Date Presented 04/22/2023
The aim of this study was to determine change in financial acumen after participating in a financial literacy program. Study participants were recruited from a substance abuse treatment center. A total of 31 men participated. A t test was conducted to compare scores on the financial tests. Scores on the financial literacy pretest (M = 74, SD = 13.58) and posttest (M = 84, SD = 10.50) were significantly different, t(30) = −3.14. A financial literacy program for this population is warranted.
Primary Author and Speaker: Kristin A. Valdes
Additional Authors and Speakers: Dianna Lunsford, Jennifer Castelli
PURPOSE: The aim of this study was to evaluate the impact on the participants’ financial acumen after participating in a comprehensive financial literacy program delivered within a court-ordered residential (substance) rehabilitation center. Individuals with SUD may display decreased impulse control, which can lead to impulsive spending or spending money to purchase drugs. There are many instrumental activities of daily living (IADL) associated with successful independent living for those in recovery from SUD, who may have also been previously incarcerated. Financial management is one such IADL that impacts many areas of reintegration, such as maintaining housing for independent living, and setting financial goals that require planning. Financial literacy is an important life skill that may be affected by decreased cognitive processes or behavioral deficits that arise from substance-use disorder as the skills involved in managing finances can range from the very simple, such as counting money, to the complexity of online banking.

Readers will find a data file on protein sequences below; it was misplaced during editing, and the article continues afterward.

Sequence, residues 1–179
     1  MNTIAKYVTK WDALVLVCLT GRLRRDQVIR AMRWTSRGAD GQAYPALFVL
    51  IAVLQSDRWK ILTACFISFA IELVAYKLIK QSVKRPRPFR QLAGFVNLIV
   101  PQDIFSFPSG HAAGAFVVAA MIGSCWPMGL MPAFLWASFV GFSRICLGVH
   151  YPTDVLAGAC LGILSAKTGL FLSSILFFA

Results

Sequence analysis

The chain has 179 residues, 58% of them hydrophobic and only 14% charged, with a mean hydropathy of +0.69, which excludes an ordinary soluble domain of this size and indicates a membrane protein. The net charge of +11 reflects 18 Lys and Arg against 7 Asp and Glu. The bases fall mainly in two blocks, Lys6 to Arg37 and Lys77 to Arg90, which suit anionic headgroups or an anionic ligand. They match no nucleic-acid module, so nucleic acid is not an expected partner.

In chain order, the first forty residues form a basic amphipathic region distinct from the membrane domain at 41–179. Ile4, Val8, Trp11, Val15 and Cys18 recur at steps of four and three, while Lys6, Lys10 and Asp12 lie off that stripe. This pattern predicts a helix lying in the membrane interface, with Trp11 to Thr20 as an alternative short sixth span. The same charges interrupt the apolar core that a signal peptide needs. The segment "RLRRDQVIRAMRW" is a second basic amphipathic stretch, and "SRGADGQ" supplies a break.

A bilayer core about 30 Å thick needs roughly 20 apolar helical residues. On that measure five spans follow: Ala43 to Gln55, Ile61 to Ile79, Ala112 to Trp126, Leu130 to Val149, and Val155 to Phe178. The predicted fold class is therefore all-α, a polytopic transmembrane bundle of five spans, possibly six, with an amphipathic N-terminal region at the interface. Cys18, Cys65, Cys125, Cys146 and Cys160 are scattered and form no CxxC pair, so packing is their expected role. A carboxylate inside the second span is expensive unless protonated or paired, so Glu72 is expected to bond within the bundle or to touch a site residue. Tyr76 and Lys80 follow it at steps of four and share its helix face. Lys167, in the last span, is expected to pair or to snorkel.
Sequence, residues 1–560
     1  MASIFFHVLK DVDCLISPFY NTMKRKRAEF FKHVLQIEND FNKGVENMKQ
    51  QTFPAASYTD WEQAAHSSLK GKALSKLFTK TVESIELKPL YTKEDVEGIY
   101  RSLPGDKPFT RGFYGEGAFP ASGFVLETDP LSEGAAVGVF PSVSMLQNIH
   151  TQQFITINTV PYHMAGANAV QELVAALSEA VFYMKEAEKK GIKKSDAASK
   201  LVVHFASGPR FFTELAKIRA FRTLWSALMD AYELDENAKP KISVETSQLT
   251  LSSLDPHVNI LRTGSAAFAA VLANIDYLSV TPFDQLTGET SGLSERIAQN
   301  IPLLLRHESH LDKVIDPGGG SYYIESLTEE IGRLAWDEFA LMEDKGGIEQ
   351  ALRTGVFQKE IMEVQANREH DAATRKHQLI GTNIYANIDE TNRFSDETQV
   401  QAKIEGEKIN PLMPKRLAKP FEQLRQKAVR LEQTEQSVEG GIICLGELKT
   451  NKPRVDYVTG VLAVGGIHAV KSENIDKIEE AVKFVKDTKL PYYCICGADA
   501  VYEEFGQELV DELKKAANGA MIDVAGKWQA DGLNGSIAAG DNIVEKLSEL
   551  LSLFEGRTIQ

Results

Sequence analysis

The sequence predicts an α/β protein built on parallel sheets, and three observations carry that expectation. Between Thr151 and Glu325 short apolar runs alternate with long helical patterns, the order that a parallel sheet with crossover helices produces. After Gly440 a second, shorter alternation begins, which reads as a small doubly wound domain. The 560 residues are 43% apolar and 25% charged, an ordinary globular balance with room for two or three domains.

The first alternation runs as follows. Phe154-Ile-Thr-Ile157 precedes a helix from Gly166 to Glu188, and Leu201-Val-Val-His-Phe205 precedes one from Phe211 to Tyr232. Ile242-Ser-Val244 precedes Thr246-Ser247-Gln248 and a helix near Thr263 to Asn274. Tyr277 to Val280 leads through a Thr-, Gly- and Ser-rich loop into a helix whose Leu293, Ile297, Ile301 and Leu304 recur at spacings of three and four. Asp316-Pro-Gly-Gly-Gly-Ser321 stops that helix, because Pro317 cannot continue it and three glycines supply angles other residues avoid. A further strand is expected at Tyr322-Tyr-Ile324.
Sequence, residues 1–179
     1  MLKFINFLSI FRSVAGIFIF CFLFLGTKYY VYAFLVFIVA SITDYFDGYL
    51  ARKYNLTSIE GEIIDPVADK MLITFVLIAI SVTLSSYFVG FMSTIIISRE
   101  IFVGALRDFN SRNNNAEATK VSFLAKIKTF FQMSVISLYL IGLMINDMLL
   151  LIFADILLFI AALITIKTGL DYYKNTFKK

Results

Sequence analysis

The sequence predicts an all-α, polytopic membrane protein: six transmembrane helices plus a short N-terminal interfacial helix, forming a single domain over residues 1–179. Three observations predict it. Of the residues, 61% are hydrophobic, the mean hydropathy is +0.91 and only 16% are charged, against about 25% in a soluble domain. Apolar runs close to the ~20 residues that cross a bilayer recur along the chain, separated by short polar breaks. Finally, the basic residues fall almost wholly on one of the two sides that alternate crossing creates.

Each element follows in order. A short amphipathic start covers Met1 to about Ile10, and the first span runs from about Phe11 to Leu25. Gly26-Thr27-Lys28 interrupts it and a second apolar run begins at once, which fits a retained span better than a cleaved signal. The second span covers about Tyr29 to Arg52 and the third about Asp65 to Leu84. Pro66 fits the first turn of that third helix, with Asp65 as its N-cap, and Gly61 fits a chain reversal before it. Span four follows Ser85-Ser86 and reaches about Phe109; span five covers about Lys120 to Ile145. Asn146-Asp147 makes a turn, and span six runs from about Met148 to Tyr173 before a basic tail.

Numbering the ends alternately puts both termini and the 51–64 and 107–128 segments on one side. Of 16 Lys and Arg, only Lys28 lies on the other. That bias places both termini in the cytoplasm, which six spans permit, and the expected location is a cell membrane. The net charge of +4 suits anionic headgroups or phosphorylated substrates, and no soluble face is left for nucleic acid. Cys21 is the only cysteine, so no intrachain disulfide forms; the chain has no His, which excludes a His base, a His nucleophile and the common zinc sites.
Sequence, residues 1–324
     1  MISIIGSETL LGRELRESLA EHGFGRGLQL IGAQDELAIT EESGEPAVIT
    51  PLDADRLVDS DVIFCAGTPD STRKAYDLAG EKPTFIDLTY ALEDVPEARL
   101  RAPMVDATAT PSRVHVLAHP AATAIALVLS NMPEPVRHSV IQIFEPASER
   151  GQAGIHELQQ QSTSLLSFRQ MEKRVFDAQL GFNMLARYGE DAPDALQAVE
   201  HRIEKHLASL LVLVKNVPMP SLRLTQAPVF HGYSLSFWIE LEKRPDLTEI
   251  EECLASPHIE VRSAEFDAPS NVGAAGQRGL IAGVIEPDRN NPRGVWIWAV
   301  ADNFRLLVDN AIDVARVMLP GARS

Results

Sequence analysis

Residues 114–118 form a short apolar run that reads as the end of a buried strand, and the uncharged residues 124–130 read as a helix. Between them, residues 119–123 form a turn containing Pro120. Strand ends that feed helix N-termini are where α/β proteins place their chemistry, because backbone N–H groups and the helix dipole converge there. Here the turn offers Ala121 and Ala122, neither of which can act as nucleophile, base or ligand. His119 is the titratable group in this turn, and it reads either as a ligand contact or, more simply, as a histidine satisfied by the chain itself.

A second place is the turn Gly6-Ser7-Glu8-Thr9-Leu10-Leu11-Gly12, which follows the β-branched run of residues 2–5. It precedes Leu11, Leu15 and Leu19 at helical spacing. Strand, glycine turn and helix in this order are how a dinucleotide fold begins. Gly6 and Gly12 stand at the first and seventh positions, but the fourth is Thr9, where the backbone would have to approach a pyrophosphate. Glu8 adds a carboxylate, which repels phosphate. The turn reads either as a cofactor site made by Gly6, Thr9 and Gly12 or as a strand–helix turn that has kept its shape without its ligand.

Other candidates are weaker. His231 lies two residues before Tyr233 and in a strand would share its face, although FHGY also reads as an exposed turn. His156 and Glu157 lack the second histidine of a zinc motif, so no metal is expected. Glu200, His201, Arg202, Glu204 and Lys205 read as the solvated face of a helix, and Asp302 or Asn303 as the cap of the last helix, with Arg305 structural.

DESIGN: A mixed method, prospective cohort design was used for this study. A convenience sample of participants were recruited from a residential treatment program for people who experience substance use disorders. Participants are separated into male and female groups to appropriately serve the unique needs of each population. The males and females could not be integrated to participate in this program, and males were chosen to pilot the program. All participants were enrolled in Emerge which is a residential program for men only, and includes several options for programming, at different stages of recovery. The facility requested that all interested male residents be offered to participate in the financial literacy sessions therefore, no control group was used.
METHOD: A financial literacy program provided foundational concepts that were delivered using an occupation-based, simulated approach alongside didactic content. The program includes 16-item multiple choice and 4-item True/False knowledge test to determine financial literacy at baseline and post program. The participants received five points for each correct answer and the maximum points achieved when taking the assessment are 100. The questions included those about savings, credit scores, taxable income, budgeting, banking, and investing. Four interview questions were used to gain more insight about the participant’s perceptions about the program. The interviews were performed at post-test assessment and the participants wrote their answers down during the interview process. Means, and standard deviation (SD), were calculated for Financial Literacy test scores. The difference between the means of pre-test and posttest scores were analyzed using paired-samples t-test P-values < .05 were considered statistically significant. Interview and open-ended written responses were analyzed: first, by each researcher independently coding and categorizing responses. The initial codes were then grouped into categories and themes were formed.
RESULTS: A total of 31 males participated. A t-test was conducted to compare the scores on the financial tests. There was a significant difference in the financial literacy pretest (M=74, SD=13.58) and posttest (M=84, SD=10.50) scores; t(30) =-3.14, p = 0.003. Themes that emerged when participants were asked how the information would help manage their finances included: goal setting, saving, and understanding financial institutions.
CONCLUSION: This study ‘provides preliminary evidence' that supports financial literacy program for this population and indicate that OT is a profession suited to do so.
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